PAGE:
I fully believe some people will die, or have their lives shortened because of the nuclear part of the recent tsunami. But 22,000 people died because of the none nuclear part (how many of the missing do you think are going to be found now?). Nor do I believe much land will be lost, people still live at ground zero Hiroshimi and Nagasaki.



That should be an extremely bad picture, the blue bit is water, the grey bit the dam, the green bit earth, and the black bit can be our nuclear power plant.
http://en.wikipedia.org/wiki/Kielder_Water

Lets for a moment, assume this was built in Kielder Water.
Kielder holds 200bn litres, and took two years to fill, so has annual inflow of 100bn litres.

The worlds largest reactor is currently the 1600mw EPR in Finland, which isnt actualy built yet, and has a thermal energy of 4500mw (I thought nuclear was more efficient than that, but never mind).

Water has a specific heat capacity of 4.18j, so it requires 418trn joules to raise the temperature of one years flow one degree, which the plant would pump out in 26 hours.
Wow, that is a lot quicker than I thought.


But, Kielder Water is hardly the UK's biggest river, and 1600mw is a massive reactor, and even that, ignoring any cooling through other sources, would take 195 days to boil the reservoir.
Which seems pretty safe to me.

A 400mw reactor would be capable of nearly boiling the run off.
Probably bad for the environment, but well, what isnt.

The River Thames has a flow of over 5 times the Kielder.

Well, that was interesting.
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DominicJ



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PostPosted: Wed Jul 13, 2011 3:00 pm    Post subject: Reply with quote

Biff
Let me get this straight.
A tsunami cracks a gas main, which explodes, and kills me, and thats a natural disaster.
A tsunami destroy the cooling pumps of a nuclear reactor, which explodes, and kills me, and thats a nuclear accident and so somehow different?


People died because the Tsunami defences were inadequate.
That the same reason the cooling pumps were destroyed.
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kenneal - lagger
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PostPosted: Wed Jul 13, 2011 3:36 pm    Post subject: Reply with quote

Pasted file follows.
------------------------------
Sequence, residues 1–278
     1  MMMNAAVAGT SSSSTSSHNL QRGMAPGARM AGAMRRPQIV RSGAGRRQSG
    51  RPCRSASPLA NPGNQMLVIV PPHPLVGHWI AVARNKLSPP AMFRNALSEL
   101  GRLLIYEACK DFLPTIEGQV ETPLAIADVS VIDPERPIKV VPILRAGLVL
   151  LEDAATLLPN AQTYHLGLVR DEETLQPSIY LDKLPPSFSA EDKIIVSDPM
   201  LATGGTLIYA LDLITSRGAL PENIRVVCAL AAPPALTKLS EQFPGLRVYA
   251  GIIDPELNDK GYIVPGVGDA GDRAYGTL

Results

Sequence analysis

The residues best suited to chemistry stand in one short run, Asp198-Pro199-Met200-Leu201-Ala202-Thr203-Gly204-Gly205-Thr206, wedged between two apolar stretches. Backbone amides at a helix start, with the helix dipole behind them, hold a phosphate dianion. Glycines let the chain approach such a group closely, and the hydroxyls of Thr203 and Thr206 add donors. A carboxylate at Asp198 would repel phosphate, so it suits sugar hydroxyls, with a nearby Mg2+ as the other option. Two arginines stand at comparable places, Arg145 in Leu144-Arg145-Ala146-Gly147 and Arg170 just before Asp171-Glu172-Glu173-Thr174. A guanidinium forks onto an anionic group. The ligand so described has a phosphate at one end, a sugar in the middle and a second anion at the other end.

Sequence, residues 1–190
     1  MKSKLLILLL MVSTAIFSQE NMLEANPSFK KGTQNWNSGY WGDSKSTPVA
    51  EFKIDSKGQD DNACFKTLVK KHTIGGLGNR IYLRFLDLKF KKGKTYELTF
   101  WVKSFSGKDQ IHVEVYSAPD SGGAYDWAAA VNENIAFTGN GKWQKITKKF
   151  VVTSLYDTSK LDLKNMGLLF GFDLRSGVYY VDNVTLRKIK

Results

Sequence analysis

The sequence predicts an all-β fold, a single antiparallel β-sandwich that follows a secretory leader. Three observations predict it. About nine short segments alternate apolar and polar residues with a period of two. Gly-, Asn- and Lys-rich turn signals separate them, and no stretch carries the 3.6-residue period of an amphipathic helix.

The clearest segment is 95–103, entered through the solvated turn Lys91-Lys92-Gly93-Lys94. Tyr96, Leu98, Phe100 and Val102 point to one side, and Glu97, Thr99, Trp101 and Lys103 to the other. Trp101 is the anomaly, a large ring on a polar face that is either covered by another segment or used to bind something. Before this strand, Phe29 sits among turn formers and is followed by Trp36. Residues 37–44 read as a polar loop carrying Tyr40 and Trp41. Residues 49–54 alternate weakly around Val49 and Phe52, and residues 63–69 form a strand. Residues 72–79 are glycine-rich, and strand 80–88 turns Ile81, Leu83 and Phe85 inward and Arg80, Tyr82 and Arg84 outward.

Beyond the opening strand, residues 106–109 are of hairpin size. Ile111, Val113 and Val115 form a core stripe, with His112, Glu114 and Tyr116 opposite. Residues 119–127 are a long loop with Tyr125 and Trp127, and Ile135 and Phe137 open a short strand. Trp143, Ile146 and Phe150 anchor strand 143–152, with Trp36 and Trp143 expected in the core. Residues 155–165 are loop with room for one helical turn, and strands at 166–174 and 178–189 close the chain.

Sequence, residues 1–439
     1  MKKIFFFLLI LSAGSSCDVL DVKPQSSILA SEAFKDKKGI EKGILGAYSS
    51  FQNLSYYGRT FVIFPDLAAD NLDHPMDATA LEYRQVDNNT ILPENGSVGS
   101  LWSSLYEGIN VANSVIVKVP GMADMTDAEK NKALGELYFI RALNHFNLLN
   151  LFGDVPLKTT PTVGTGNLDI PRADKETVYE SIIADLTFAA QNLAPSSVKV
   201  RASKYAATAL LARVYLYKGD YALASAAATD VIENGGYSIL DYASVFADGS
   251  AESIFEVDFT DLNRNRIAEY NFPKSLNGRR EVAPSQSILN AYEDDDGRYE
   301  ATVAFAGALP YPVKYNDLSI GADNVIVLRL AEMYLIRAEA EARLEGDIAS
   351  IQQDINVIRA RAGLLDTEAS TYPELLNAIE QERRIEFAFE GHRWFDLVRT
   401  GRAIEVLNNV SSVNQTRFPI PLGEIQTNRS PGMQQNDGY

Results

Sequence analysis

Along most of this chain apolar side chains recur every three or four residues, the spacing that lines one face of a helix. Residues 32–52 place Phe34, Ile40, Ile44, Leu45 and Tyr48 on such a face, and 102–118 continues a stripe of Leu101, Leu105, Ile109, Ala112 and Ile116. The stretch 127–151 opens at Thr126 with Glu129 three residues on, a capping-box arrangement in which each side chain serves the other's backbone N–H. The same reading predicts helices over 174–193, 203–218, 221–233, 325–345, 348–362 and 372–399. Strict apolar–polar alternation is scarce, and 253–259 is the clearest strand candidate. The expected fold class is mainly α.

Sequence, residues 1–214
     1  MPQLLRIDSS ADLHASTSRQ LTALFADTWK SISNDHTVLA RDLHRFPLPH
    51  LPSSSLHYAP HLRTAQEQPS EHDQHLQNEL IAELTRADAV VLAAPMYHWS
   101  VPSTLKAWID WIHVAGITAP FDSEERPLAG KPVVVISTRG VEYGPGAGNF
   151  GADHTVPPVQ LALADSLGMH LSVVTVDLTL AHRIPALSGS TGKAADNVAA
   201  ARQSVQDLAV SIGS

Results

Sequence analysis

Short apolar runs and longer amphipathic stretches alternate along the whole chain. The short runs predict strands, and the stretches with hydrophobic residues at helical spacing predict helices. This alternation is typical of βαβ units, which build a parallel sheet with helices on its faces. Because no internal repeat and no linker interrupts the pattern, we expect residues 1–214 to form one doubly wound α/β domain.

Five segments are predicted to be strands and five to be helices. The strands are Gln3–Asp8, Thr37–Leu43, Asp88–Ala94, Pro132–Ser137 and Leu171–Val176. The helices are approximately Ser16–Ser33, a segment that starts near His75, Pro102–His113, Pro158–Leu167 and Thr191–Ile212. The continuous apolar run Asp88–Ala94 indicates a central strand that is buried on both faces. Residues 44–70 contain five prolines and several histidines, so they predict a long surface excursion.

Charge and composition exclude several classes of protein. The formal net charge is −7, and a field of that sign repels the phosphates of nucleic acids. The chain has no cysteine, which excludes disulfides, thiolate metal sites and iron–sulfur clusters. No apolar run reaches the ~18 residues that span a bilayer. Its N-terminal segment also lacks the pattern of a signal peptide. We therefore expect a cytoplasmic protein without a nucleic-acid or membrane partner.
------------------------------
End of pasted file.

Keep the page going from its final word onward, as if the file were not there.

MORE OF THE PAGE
The cooling pumps were destroyed because a human made a design error. What human design error is going to be made in the UK reactors or are UK or French design engineers less human than Japanese ones?
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biffvernon



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PostPosted: Wed Jul 13, 2011 3:48 pm    Post subject: Reply with quote

DominicJ wrote:
Biff
Let me get this straight.
A tsunami cracks a gas main, which explodes, and kills me, and thats a natural disaster.
I'd call that a failure of gas main technology rather than natural disaster. Getting washed away by a mighty wave might be counted as a natural disaster. Of course natural and man-made blend into one another and I'm sure you are clever enough to think of an example which is hard to categorize. There's nothing natural about nuclear power stations.
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biffvernon



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PostPosted: Wed Jul 13, 2011 3:49 pm    Post subject: Reply with quote

kenneal wrote:
What human design error is going to be made in the UK reactors or are UK or French design engineers less human than Japanese ones?
I think the power station was designed by Americans. (Always a sound policy to blame Americans Wink )
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biffvernon



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PostPosted: Wed Jul 13, 2011 3:56 pm    Post subject: Reply with quote

adam2 wrote:

In case of an emergency shutdown, the full cooling water flow is not needed. With control rods inserted into the reactor heat output is much reduced and less water needed.
Indeed. The shut down heat output is only a couple of percent of the operating power. It was very fortunate that the earthquake was a long way off out to sea and not directly under the power station, allowing the control rods to be inserted rather than being distorted by the earthquake and getting stuck. Had that happened there would have been a very much bigger bang.